Focusing initially on the dynamics of adsorbed CO, it was used the following set of equations to model the kinetics of production and oxidation of COad during the voltammetric sweeps.

The kinetics of CO production was modeled to be rate-determined by the interaction between ethanol and two platinum free sites. The modeling of any other electrooxidation products than CO is beyond the scope of this study. The oxidation process was best fitted by assuming a Butler-Volmer kinetics proportional to the number of occupied sites. The following set of chemical steps was considered:

Reactions 1 and 2 are translated in the following set of differential equations:

Equation 1 represents the evolution of the CO coverage (θ) that is determined by a term dependent on the constant of poisoning (kP) and the second power of the available free sites (1 - θ). The second term accounts for CO oxidation according to a Butler-Volmer expression conditioned to the amount of poison available. The second equation describes how the potential of the electrode (ϕ) evolves as a function of time. In the present case (i.e., for cyclic voltammetric experiments), it was assumed a linear dependence.

The quality of the fitting was monitored by the R2 term, the coefficient of determination of the model:

R is ratio between the summation of the square of the residual, i.e., the difference between the simulated (si) and the experimental (ei) data for a given value of potential, and the overall sum of the experimental values to the second power. R2 is a measure used in empirical model-building to account for the quality of the model in representing the observed values. The obtained parameters are given in Table 1.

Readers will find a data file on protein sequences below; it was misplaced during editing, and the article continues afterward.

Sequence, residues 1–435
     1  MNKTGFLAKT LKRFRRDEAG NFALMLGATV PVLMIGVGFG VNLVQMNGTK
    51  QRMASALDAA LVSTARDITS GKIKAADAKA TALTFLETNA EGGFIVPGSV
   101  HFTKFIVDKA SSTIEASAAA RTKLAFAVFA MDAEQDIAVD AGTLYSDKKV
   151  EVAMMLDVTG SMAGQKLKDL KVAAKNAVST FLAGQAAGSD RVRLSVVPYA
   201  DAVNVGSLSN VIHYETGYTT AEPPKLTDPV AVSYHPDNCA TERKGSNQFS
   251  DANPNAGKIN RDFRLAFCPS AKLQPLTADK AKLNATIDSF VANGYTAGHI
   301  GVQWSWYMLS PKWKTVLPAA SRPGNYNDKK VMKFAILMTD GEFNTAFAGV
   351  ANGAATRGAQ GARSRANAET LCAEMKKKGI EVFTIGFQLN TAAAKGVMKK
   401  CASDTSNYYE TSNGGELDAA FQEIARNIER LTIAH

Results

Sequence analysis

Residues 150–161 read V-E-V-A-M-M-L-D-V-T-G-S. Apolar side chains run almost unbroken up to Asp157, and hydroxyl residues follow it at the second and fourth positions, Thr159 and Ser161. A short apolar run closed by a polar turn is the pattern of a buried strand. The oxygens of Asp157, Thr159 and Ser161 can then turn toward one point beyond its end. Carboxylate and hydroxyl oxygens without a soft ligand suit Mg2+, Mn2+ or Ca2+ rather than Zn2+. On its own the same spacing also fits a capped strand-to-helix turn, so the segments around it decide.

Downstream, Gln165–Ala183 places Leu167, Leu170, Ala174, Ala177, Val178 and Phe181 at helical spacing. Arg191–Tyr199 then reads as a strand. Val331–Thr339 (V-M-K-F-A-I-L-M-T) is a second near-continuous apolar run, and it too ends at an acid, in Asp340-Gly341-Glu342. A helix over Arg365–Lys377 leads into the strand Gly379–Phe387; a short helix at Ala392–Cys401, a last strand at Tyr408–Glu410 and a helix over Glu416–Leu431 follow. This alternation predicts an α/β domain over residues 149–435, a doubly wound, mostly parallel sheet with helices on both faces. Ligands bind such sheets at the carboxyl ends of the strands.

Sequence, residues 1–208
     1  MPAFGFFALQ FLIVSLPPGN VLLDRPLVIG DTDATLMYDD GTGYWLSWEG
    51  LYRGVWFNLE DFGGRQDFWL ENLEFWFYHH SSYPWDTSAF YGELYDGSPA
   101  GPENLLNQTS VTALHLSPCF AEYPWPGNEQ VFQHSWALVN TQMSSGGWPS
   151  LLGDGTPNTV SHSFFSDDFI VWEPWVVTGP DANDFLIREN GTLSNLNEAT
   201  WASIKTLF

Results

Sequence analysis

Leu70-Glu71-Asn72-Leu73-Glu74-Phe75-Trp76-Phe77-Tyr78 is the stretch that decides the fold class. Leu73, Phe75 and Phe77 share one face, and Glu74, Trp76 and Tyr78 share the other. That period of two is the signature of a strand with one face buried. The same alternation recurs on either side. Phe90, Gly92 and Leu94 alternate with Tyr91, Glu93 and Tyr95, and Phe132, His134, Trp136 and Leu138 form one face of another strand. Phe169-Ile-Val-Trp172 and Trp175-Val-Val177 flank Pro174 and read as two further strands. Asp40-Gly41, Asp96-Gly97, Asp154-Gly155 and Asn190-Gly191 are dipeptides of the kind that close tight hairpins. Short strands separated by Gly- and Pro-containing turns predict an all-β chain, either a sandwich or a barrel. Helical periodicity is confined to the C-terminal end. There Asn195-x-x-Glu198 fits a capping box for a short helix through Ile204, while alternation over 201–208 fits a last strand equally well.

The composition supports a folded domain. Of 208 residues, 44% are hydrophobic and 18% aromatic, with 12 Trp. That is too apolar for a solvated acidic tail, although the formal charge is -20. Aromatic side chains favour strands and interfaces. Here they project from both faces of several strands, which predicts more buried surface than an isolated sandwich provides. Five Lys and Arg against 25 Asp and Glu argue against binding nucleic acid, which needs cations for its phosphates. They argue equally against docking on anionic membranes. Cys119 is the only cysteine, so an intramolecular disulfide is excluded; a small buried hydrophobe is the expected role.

It seems that the rate constant of the poisoning process, i.e., the build-up of the CO adsorbed layer is not influenced by the presence of Ru. In contrast, the oxidation of adsorbed CO is shifted to less positive potentials when the PtRu surface is used, as clearly seen in the onset potential. This finding can be readily interpreted as the property of Ru atoms to provide surface oxygenated species at considerably lower potentials. Indeed, it is well-known that PtRu anticipates the onset of CO2 formation during the electrooxidation of small organic molecules, as methanol,29 and formaldehyde14, but studies performed with ethanol suggest that Ru fails to promote the scission of the C–C bond.26 Therefore, the similar CO adsorption parameters for both catalysts merely reflect the fact that Ru acts only as an oxygen-source (during the electrooxidation), but do not influence the establishment of the CO adlayer observed during the earlier steps of adsorption.

At this point, it is important to clarify that we are assuming that Ru does adsorb CO. Indeed, previous papers unequivocally showed CO adsorption on Ru.30,31 It seems that Ru acts as an oxygen-source but is not able to significantly change the strength of CO adsorption. Consequently, it fails to promote the scission of the C–C bonds from ethanol and the population of CO seems to be virtually unaffected by the presence of Ru, which merely provokes the step of oxidation to start earlier than on Pt (as shown by the stripping curves of Figure 1).

Focusing now on the effect of ethanol concentration, it becomes apparent from the data given in Table 1 that it has only a minor, if any, impact on the adsorption and on the electrooxidation of carbon monoxide. The only visible effect is a little delay in the potentials, in which the oxidation currents start to rise on Pt (ca. 50 mV, not shown) when the ethanol concentration is increased. For PtRu, the potential-delay is depreciable when the concentration of ethanol is increased.